In February, JAMA Ophthalmology published a survey authored by Michele Lim, MD, UC Davis Health, regarding doctor perceptions of elec­tronic health records systems.  

In the population-based, cross-sectional study,1 researchers looked at a random sample of ophthalmologists from the American Academy of Ophthalmology’s active membership database. They found that the adoption rate of EHRs among the 348 responding ophthalmologists was 72.1 percent. The study determined, however, that despite the EHR adoption rate doubling since a previous survey in 2011, ophthalmologists report that net revenues and productivity declined and that practice costs rose with EHR use.

When asked about these surprising results, Dr. Lim says, “It’s interesting because metrics like the number of patients seen and revenues did not actually seem to change much after implementing EHRs. I think the most surprising thing is [finding out] that both of those changed for the negative. I would expect that to be a little more mixed.

“It’s pretty easy to imagine the rising costs that these EHR systems bring,” Dr. Lim continues. “You have to pay for expensive hardware equipment that you previously haven’t had to. Paper charts are a lot cheaper. Even though you can downsize people in terms of having to curate paper charts, you have to upsize positions where people monitor these systems, and that obviously takes a lot more skill. You’re hiring higher-skilled people who are going to cost more. Every practice using a cloud-based solution needs a network specialist to help them deal with all the intricacies of that, so the rising costs aren’t much of a surprise. It’s just something you have to keep in mind when implementing these systems.”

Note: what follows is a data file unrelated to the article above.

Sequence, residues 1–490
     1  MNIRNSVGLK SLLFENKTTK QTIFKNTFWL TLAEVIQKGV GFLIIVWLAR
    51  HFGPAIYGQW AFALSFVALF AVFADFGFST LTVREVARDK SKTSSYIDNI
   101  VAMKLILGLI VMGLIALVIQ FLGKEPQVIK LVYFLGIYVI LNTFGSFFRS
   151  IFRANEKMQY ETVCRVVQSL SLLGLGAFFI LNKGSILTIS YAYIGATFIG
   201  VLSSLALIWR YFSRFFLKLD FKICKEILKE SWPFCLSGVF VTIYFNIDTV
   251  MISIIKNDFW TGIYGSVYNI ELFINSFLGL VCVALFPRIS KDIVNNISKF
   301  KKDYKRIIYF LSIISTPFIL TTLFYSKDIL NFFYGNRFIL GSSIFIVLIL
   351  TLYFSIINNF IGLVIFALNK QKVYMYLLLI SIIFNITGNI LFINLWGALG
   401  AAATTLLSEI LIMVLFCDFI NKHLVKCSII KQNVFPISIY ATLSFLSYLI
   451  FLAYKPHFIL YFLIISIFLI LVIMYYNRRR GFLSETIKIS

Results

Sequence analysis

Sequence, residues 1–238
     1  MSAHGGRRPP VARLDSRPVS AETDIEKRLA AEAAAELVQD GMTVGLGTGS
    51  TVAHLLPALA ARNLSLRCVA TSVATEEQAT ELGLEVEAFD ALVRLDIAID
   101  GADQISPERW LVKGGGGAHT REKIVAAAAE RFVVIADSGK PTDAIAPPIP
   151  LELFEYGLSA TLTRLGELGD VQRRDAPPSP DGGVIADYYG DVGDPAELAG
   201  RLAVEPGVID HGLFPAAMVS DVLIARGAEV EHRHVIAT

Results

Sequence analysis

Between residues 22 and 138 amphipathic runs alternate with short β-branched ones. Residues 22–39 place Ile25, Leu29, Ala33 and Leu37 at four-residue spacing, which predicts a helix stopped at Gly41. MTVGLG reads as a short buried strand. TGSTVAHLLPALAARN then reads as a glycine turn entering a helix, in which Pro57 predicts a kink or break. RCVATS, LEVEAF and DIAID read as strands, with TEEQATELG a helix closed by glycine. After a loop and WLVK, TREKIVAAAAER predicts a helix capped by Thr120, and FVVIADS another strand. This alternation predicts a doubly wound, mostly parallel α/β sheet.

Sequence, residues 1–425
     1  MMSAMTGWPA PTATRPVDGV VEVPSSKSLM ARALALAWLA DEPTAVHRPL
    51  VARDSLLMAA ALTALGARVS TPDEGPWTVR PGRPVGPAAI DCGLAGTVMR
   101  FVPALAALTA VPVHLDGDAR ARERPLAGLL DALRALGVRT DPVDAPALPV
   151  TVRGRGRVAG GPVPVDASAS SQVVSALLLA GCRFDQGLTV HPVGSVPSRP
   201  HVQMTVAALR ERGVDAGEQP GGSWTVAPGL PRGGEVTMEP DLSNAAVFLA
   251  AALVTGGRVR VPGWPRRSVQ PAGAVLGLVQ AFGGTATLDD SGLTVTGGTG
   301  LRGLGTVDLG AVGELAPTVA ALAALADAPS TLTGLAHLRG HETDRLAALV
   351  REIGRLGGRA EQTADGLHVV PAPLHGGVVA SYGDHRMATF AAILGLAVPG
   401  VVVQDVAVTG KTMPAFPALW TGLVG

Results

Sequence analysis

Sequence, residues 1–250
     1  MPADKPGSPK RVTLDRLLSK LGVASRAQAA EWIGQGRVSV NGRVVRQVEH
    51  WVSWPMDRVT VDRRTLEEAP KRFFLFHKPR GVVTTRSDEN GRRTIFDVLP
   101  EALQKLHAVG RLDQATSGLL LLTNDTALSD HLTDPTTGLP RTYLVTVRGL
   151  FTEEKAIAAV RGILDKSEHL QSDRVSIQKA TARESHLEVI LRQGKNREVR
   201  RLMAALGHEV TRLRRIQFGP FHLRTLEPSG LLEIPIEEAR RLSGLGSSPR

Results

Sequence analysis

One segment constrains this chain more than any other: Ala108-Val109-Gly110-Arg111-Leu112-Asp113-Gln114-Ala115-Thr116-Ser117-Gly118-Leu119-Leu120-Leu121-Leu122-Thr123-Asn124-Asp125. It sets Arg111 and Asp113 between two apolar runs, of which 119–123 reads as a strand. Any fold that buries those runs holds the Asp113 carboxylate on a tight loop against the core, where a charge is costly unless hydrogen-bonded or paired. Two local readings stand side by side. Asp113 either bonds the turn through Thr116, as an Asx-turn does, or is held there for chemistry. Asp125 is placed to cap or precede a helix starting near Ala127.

In terms of suggestions or solutions to help ophthalmologists better use these systems, Dr. Lim offers some advice. “I’m hoping that we, the Academy and other ophthalmologist groups, use this paper as a point at which we can begin to have a conversation, and to realize that there’s a growing sentiment among ophthalmologists that EHRs are not efficient because they may not be necessarily following what physicians would do naturally in their practices,” she says. “Some things need to be more intuitive. For example, why is it so hard to write a letter to a referring doctor? It definitely takes a lot of stakeholders to engage in trying to build a better system, however, so we hope that this paper starts that process.

“Some of that is on us as doctors, but there is definitely room for improvement with some of these systems,” Dr. Lim adds. “Programs like meaningful use (the federal incentive) seem to be detrimental in a lot of ways. On the one hand, it was great because there was a clear explosion of EHR use after those incentives and penalties came out. However, I think that when that happened, EHR vendors paid too much attention to system design to just satisfy the meaningful-use reporting and turned their attention away from the workflow-efficiency aspect of these systems. It’s as if we’ve been focusing on the wrong thing. So there’s room for improvement, ideally with feedback from the doctors that are using these systems.”

A representative from a company that engineers these EHR systems—who chose to remain anonymous—weighed in on the results of the study. “It is surprising to see,” he says. “Obviously when you design and sell these programs, you expect them to succeed, so you hate to see something like that. But at the same time, we have standards and incentives that we have to meet with these programs. It’s just difficult to nail down what’s working and what isn’t when we don’t tangibly see how it affects or betters a practice. But this study is starting to reveal those effects, so there will certainly be interesting discussions going forward as to how we can modify and optimize our programs. Hopefully we will be working closely with physicians to see how to best optimize the programs for their practices.”